It was my first rifle, and I’d be willing to wager that for the majority of you, it was your first as well. And there’s a good reason for the little rimfire cartridge to be a hunter’s first; it’s the perfect blend of low report, complete lack of recoil and affordability. I believe everyone who enjoys shooting or hunting should own at least one rifle chambered for the .22 Long Rifle.
The ‘twenty-two’ or ‘two-two’—depending on what side of the pond you’re on—is a fantastic tool to hone your rifle mechanics; it can help ward off a flinch from big-bore rifles, as well as sharpen your eye for the hunting season without the expense of premium centerfire ammunition. It can be housed in a number of action types in both rifle and pistol, and is a very efficient hunting cartridge, capable of taking numerous small game species, as well as serving as a predator/varmint round at shorter ranges.
The design hearkens back to 1887, when J. Stevens Arms & Tool Co. combined the case of the .22 Long cartridge—normally loaded with a 29-grain projectile—with the heavier 40-grain bullet of the .22 Extra Long, obtaining a muzzle velocity of 1150 fps. The .22 LR uses a heeled bullet, in that the projectile is the same diameter as the case, and a thinner ‘heel’ is inserted into the case. With an overall length of exactly 1-inch, the .22 LR was originally loaded with five grains of a finely granulated black powder; the cartridge saw the transition to semi-smokeless and finally smokeless powder. Depending on the firearm and the loading, the .22 LR can be either supersonic or subsonic, and because of its mild report and recoil, it’s often seriously underrated.
Despite the diminutive look and sound, .22 LR can and will kill both animals and people. No, it’s not a hard-hitting man stopper, nor is it remotely a logical choice for deer hunting—though it has been called on for both purposes. It most certainly shines in the squirrel woods or at the shooting bench for precision shooting, and it can put that indelible smile on a new shooter’s face as a plinking round.
The rimfire design is effective; keeping the priming compound in the rim of the cartridge is simple yet inexpensive to manufacture, with the rim also serving for headspacing. The .22 LR is the culmination of the progression of cartridges which started with the .22 Short, .22 Long and the much more rare .22 Extra Long. While both the Short and Long cartridges were popular when my father started hunting in the early 1960s, two decades later when I began to hunt with him, the .22 LR was invariably the most popular option, as fewer and fewer rifles were chambered for the smaller cartridges.
You see, the rim and body diameter of the Short, Long and Long Rifle are all the same; the only varying factor is the length of the case and the weight of the bullet. Much like the relationship between the .38 Special and .357 Magnum, or the .44 Special and the .44 Magnum, a rifle or pistol chambered for .22 LR can safely fire .22 Short or .22 Long ammunition, though in the autoloading firearms there may not be enough pressure to cycle the action.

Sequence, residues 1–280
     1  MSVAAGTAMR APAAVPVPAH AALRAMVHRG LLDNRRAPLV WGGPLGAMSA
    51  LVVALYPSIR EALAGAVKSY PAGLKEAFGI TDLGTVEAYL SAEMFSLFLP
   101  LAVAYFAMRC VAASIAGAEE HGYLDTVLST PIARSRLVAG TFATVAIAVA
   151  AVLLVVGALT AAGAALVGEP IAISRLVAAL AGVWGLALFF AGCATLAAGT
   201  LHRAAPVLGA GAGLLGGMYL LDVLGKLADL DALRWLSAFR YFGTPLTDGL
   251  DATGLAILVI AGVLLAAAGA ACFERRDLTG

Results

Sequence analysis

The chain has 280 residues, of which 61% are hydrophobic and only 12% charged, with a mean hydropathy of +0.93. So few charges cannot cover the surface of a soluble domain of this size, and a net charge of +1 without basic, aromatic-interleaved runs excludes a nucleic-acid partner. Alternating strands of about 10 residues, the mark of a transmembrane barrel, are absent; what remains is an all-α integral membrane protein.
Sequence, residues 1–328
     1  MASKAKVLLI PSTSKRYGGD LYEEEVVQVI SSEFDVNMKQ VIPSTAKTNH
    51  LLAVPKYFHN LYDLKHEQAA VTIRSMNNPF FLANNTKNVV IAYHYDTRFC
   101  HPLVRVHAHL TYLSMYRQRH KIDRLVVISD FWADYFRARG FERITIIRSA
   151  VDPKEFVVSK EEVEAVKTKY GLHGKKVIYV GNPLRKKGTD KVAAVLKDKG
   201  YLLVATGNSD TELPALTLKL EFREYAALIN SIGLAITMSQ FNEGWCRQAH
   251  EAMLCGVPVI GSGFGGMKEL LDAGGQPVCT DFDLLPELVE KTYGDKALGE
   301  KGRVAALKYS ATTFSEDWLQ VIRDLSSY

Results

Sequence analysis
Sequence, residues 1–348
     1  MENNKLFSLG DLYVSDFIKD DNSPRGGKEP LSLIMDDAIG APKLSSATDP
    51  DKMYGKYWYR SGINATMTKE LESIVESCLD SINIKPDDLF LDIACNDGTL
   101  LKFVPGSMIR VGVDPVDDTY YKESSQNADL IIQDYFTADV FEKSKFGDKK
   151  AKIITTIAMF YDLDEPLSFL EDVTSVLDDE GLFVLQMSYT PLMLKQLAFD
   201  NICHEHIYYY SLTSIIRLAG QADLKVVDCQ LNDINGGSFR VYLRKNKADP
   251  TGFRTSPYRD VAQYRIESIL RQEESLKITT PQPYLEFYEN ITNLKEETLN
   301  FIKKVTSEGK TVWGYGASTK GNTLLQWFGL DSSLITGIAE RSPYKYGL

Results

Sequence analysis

The .22 LR got a bit of an upgrade when CCI released the Stinger in 1975, the first of the hyper-velocity designs. Using a longer case and a shorter 32-grain bullet to maintain the same 1-inch overall length, the Stinger obtains over 1600 fps—in comparison to the high-velocity load which generates about 1250 fps in a rifle—for a bit more striking energy. My dad used the Stingers in his Bicentennial Ruger 10/22 for years with excellent results.
I have a Ruger 77/22 bolt-action rifle that has served me very well since 1985. Built like a big-game rifle, it has fine iron sights and I keep a low-power scope on it these days, as it serves as a training tool for dangerous game hunts. This rifle shoots many types of .22 LR ammo well, but it especially likes the inexpensive Remington Thunderbolt ammo; it’s a simple waxed lead projectile, but for some reason this rifle shoots it well. I like it for hunting and practice alike; it has accounted for more squirrels, rabbits and other small game than I can recall.
The .22 LR can be used for target work as well; there are many good match loads from proven companies like Federal and Norma, and in a well-built rifle, they can deliver hair-splitting accuracy. It is a great fun to take the .22 LR out to 100 yards and beyond; you may be surprised with the results.
In a handgun, the .22 LR can be equally at home. When I was too young to hunt myself, I would accompany my dad on nighttime raccoon hunts; he took great pride in his ‘coon hounds. Armed with a large Dynalite flashlight and a Ruger Single Six revolver, he would take a respectable number of raccoons with prime fur each fall, and prices in the late 1970s and early 1980s certainly supplemented the family income. I couldn’t begin to estimate how many raccoons that single-action revolver has taken, but I know that in spite of the external wear and tear, that gun still shoots well. There are also many good semi-automatic handguns chambered for the .22 LR; a good Browning Buck Mark or Ruger Mark IV pistol is a most handy tool.
The classic combination of a 40-grain waxed lead bullet at 1150 fps is still effective, but there are many other options available, including subsonic heavyweight bullets—perfect for eliminating garden pests without alerting the neighborhood—and bullets designed to fragment upon impact. There are hollowpoints, full metal jacket designs, pure lead bullets, plated bullets and more. Anyone can learn to shoot a .22 LR, and I consider it one of the staples of the hunting world; there should be at least one in everyone’s collection.